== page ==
The Philanthropic Leverage Effect of JUST Capital

In 2014 I became CEO of the nonprofit JUST Capital, with a mission of harnessing the power of corporate America to address systemic social, environmental, and economic challenges. From the beginning, we knew that every dollar donors put into JUST had the potential to generate enormous philanthropic return. As our co-founder and chair, Paul Tudor Jones, wrote for The Economist in 2015, “If only 1% of capital begins to flow in a more just direction, that would mean more than $600 billion a year going towards firms that pay a living wage, provide great benefits, make products that enhance society, protect human rights and the environment, and more.”

Philanthropists tackling the root causes of our biggest problems know they’re often fighting an uphill battle if they don’t create a “force multiplier effect” by using their donor dollars to stimulate private capital and market forces more broadly. This stands to reason. At $18.1 trillion, the private sector is 4.6 times the size of the public sector and 38.5 times bigger than the charitable giving market. Not only that, but big companies can be extremely efficient at solving real human problems at scale, provided the right incentives are there. 

This is the key to JUST’s strategy. 

System change doesn’t happen overnight. But after seven years, we asked ourselves: How are we doing? Are we making a difference? Is our strategy working?

Here’s what we found.

Driving Concrete Change

First, it’s clear that change is happening. 

  • Since our first Rankings of America’s Most JUST Companies in 2016, there have been more than 377 instances of wage increases in at least 196 of the companies we track, analyze, and engage. These increases have impacted 3.9 million workers since 2016, and the total value of them is roughly $11.8 billion annually.
  • Over the last three years, 165 additional companies in the Russell 1000, collectively employing over seven million people, have disclosed conducting pay equity analyses. Last year alone, we found that 22% of the corporations we rank disclosed conducting a pay equity analysis, a 57% increase from 2019
  • The percentage of women on boards of the companies we track has jumped from 17% in 2016 to 25% in 2020.
  • Among the companies we rank, the number of those linking executive compensation to ESG performance has jumped 38% in three years, from 132 in 2019, to 183 in 2021. 
  • Likewise, the number of companies we track that have incorporated strategic ESG KPIs at the board-level has increased by 88%, from 97 in 2019 to 171 in 2021.

Now, we obviously don’t claim to be the main reason why these and other changes are happening. Pinpointing cause and effect in system change is a fool’s errand, and we are all too aware that we are but a small part of an ecosystem of organizations and individuals each driving change on these issues in their own way, sometimes collectively, sometimes alone.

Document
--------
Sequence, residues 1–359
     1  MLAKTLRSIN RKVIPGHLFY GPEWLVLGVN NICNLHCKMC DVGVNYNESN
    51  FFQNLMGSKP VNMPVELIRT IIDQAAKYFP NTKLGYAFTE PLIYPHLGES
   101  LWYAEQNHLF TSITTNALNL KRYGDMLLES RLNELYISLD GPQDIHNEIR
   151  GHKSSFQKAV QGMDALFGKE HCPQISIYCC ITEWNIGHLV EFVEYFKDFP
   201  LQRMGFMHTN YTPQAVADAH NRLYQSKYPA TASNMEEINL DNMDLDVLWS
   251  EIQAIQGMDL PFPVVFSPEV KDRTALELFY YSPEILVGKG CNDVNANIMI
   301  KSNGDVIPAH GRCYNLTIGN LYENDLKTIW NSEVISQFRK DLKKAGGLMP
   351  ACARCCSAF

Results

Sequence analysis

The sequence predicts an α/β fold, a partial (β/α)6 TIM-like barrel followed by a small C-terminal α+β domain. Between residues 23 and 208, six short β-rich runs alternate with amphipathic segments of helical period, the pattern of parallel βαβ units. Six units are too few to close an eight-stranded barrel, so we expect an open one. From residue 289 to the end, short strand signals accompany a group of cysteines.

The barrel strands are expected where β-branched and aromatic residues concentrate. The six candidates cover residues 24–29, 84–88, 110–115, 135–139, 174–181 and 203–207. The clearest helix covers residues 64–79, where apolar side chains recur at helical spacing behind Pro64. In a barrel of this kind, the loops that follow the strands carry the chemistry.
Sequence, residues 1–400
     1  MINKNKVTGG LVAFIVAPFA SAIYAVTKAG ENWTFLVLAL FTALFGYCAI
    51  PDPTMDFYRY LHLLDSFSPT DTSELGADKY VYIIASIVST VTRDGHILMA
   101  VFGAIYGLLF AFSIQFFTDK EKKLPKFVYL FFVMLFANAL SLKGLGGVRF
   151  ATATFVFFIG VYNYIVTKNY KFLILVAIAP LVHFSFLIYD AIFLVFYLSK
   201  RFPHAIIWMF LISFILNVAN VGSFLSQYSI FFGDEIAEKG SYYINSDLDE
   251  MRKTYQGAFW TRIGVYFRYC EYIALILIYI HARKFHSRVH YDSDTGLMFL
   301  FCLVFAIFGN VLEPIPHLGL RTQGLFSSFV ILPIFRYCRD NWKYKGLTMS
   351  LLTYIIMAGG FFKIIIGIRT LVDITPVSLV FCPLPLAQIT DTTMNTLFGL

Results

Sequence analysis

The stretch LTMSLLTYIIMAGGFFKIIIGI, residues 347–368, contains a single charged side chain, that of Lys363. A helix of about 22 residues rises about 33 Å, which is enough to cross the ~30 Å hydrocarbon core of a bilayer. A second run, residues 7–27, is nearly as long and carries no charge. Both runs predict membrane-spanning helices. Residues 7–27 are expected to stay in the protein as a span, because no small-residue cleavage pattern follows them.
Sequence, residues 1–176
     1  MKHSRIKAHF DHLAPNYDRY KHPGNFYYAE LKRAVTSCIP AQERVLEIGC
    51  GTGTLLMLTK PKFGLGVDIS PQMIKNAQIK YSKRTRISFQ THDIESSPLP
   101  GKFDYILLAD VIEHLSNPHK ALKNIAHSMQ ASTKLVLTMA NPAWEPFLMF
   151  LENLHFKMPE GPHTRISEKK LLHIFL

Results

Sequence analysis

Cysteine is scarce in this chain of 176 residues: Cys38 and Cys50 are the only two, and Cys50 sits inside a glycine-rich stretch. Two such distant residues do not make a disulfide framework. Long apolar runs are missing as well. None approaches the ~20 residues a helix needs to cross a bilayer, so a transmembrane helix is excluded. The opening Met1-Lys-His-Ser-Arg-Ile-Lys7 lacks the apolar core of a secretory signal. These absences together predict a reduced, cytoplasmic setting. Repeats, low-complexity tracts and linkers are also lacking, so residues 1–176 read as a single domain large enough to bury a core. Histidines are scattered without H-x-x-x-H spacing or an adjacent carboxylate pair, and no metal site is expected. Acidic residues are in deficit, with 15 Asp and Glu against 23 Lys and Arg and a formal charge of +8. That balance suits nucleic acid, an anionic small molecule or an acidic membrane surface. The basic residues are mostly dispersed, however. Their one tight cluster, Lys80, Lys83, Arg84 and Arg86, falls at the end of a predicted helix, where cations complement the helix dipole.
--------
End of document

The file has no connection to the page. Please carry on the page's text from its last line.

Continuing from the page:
But we’re sure we’re playing a role.   

For one thing, we’re engaging with these companies all the time on these very issues. In fact, a key part of our strategy is working openly and transparently with the companies we’re tracking. No money changes hands because we want to preserve our independence. But the number of Russell 1000 companies directly engaging with JUST through our Rankings and/or our program work has grown by almost 800% in five  years – from 57 in 2016 to over 450 last year. 

Not only that, the number of companies that reviewed their data through our corporate portal has jumped from 21 in 2016 to 256 in 2020, and the volume of interactions between companies and our analyst team, one of the KPIs we track to measure engagement, has skyrocketed from nearly 800 in 2017 to almost 10,000 last year. To put this into perspective, in the space of a single month last summer (July 2020) our team engaged with corporations collectively employing over four million workers on their race and ethnicity diversity data. 

The time and effort we’ve invested in building relationships, credibility, and trust with companies and other organizations and institutions working in our field is also helping us create specialized programs that drive change on specific issues.

Over the past 12 months, we’ve launched two such programs, to advance racial equity and prioritize worker financial wellness. Companies committing to assess the financial wellness of their employees as part of the Worker Financial Wellness Initiative include PayPalChobani and Prudential, with more to be announced soon. Collectively, these programs will directly impact policies and practices at some of America’s largest corporations, and affect the lives and livelihoods of hundreds of thousands of workers.   

Changing the Narrative 

The second thing that’s clear is that the conversation on the future of capitalism and the role of business in society has shifted dramatically from when we started.